Designated name-days are: February 13 (Hungary), April 15 (Finland), April 30 (Latvia), June 20 (Sweden), June 25 (Estonia), August 21 (Latvia), September 1 (Czech Republic) and September 2 (Slovakia).

Notable bearers include: American actress and star of the Exorcist, Linda Blair (b.1959); Wonder Woman star, Lynda Carter (b. 1951); Canadian supermodel, Linda Evangelista (b.1965); actress Linda Fiorentino (b.1958) and Linda McCartney (1941-1998).

Sources

  1. www.behindthename.com
  2. www.askoxford.com
  3. http://www.gutenberg.org/etext/19438
  4. http://www.kalevipoeg.info/
  5. http://www.lituanus.org/2001/01_3_05.htm
  6. http://www.nlib.ee/html/expo/kalevipoeg/sisse-eng.html
  7. http://en.wikipedia.org/wiki/Linda_(Estonian_mythology)
  8. http://online.ectaco.co.uk/main.jsp;jsessionid=bc30356aa6876d371b29?do=e-services-dictionaries-word_translate1&direction=2&status=translate&lang1=23&lang2=et&refid=-1&source=lind

Lubin

Gender: Masculine
Origin: French
Meaning: “wolf-like.”
(Pronunciation)

The name is possibly derived from the Latin, Lupinus, meaning, “wolf-like.” The name was borne by a 6th-century French saint and bishop of Chartres.

It also appears in Jean-François Marmontel’s 1761 morality tale, Annette & Lubin. The story recounts the illicit affair between two orphaned cousins who subsequently bear children together and become the spectacle of their town in Belgium. The story is supposedly based on true events which occurred in Spa. The two characters have become folk heros in modern Spa and there is a local hill named for them.

Lubin is a term which also appears in French folk-lore as the name of a type of elf who appears on the road to Normandy on Christmas, screaming, “Robert the devil is dead!”. Lubin is also used to describe a type of werewolf which hangs out in graveyards and feeds off the bones of the dead. Despite these rather unsavory connotations, the name still appears in the French top 500. As of 2009, he was the 326th most popular male name.

It is also the name of a city in Poland, though this has a different etymology.

 

Eulalia, Eulalie

Gender: Feminine
Origin: Greek Ευλαλια
Meaning: “to talk well.”
Eng (yoo-LAY-lee-uh; yoo-LAY-lee); Fre (eu-lah-LEE); Cat (oo-LOW-lee-ah); Sp (oo-LAH-lee-ah)

The name is composed of the Greek elements, eu ευ (good) and laleo λαλεω (talk).

The name was borne by two different early Spanish saints, both of whom are believed to be one and the same person. St. Eulalia of Mérida was a 3rd-century teenage Roman girl who refused to give up her faith, she was subsequently tortured and crucified, legend has it that when she was cut down from her cross, a layer of snow fell to cover her nakedness. The story was the subject of the famous painting by John William Waterhouse, (above).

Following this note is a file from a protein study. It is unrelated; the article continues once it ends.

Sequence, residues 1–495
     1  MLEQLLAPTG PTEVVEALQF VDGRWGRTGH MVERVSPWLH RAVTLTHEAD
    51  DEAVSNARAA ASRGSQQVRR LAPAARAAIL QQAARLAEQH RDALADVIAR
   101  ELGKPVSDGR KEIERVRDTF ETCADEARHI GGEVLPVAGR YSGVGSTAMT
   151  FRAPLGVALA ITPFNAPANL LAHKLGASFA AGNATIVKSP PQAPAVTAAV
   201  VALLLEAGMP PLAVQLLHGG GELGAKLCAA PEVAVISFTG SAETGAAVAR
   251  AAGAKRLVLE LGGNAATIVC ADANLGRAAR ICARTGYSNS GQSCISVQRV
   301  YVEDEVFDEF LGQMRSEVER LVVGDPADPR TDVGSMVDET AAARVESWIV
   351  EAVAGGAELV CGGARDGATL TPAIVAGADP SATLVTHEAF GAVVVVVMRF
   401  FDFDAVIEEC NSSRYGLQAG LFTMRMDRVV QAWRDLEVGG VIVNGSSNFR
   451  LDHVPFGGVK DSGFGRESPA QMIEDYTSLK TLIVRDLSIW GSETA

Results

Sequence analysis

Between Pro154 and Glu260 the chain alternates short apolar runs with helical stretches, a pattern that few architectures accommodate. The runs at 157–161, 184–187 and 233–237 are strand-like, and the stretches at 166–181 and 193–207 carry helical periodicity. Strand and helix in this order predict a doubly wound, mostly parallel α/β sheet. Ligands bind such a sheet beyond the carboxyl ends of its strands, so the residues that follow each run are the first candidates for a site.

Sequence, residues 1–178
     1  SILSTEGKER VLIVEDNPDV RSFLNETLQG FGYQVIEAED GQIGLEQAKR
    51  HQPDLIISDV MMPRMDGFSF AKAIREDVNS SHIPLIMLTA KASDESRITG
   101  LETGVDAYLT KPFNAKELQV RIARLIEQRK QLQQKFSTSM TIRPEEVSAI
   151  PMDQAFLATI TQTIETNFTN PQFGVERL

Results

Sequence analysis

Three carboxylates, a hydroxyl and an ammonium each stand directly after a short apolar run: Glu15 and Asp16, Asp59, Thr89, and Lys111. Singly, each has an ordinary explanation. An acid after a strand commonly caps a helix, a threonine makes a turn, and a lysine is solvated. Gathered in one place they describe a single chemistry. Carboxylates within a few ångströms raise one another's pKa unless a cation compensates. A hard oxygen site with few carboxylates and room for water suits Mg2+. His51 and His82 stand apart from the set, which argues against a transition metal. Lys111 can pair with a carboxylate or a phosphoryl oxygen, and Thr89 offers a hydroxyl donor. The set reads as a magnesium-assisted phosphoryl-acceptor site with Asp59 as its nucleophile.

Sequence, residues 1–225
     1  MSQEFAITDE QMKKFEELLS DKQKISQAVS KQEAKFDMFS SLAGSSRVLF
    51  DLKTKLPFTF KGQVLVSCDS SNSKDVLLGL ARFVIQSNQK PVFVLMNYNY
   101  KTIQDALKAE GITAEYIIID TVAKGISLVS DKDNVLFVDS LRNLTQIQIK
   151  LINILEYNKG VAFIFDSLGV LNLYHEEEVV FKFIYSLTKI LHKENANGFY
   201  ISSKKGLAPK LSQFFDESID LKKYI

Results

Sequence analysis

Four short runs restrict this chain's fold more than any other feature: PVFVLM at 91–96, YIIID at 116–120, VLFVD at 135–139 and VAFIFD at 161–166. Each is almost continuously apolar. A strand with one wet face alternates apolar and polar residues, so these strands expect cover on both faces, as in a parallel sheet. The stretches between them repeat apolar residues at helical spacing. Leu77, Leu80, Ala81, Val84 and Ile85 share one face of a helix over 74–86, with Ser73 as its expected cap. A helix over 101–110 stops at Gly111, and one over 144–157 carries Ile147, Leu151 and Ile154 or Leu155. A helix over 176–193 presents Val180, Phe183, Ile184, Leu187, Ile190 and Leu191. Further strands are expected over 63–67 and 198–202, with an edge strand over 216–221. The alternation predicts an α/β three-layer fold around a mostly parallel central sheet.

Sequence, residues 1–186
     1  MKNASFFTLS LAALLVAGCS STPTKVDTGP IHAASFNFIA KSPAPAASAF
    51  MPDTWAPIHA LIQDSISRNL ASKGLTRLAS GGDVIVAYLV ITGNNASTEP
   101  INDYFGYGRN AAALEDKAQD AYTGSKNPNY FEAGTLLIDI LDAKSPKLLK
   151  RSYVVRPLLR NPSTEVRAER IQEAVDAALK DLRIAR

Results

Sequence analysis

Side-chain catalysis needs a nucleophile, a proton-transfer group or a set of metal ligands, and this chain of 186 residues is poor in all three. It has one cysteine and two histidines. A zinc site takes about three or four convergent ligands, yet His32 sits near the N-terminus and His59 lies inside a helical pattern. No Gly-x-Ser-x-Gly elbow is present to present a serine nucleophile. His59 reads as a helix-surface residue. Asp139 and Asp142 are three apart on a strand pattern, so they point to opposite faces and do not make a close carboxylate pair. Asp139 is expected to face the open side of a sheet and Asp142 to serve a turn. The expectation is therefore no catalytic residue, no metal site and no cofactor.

In the English-speaking world, especially in the United States, Eulalia and her other forms appeared in the U.S. top 1000 from the 19th-century till the 1930s. She never ranked high, the highest only being # 365 in 1893. Her French form of Eulalie also experienced some usage but fell out of the top 1000 by 1900. The highest Eulalie ever ranked in the United States was at # 687 in 1893. Eulalie’s introduction into the United States may have had something to do with Edgar Allan Poe’s 1845 poem, Eulalie.

Eulalie is one of Poe’s less Gothic works, it recounts how a widower once again finds happiness in a girl named Eulalie.

Two famous American bearers were Silent film actress, Eulalie Jensen (1884-1952), and  Eulalie Spence (1894-1981) an African-American play-write of West Indian extraction.

Further up in North America, the name was borne by French-Canadian Blessed and religious foundress, Eulalie Durocher, aka, Soeur Marie Rose Durocher, who is credited for finding the Order of the Holy Name of Jesus and Mary (1811-1849).

In French naming history, Eulalie appears in a famous folktale, Jean, the Soldier, and Eulalie, the Devil’s Daughter.

Notable French bearers are numerous, but one of the most famous has to be an early female journalist by the name of Eulalie de Senancour (1791-1896).

In the United States, Eula was probably the most common form. She consistently remained within  the U.S. top 1000 between 1880 and 1960. The highest she ever ranked was at # 122 in 1908.

As of 2009, its French form of Eulalie was the 472nd most popular female name in France.

Other forms of the name include:

  • Olaria (Aragonese)
  • Olarieta (Aragonese)
  • Olalia (Asturian)
  • Olaya (Asturian)
  • Santolaya (Asturian: literally means, Saint Eulalia, used in reference to St. Eulalia very much in the same way Santiago and Santana)
  • Eulàlia (Catalan)
  • Eulalia (Dutch/English/German/Italian/Latin/Polish/Spanish)
  • Eula (English)
  • Eulalie (English/French)
  • Lalia (English)
  • Aulaire (French: archaic)
  • Evlalia (Greek)
  • Eulália (Hungarian/Portuguese/Slovak)
  • Aulazia (Occitanian/Provençal)
  • Olalla (Spanish)
Eulalia is also the name of a type of grass.
A common French and English short form is Lalie.

Ilona

Gender: Feminine
Origin: Hungarian/Finnish Илона
Hung (EE-loh-naw); Fin (EE-loh-nah); Germ/Pol (ee-LOH-nah)

The name was initially a Hungarian form of Helen, but its usage has spread throughout Eastern Europe and as even appeared north as Finland.

In Finland and Estonian, its etymology has often been traced to the Finnish ilona, the essive of the word, ilo, meaning, “joy.”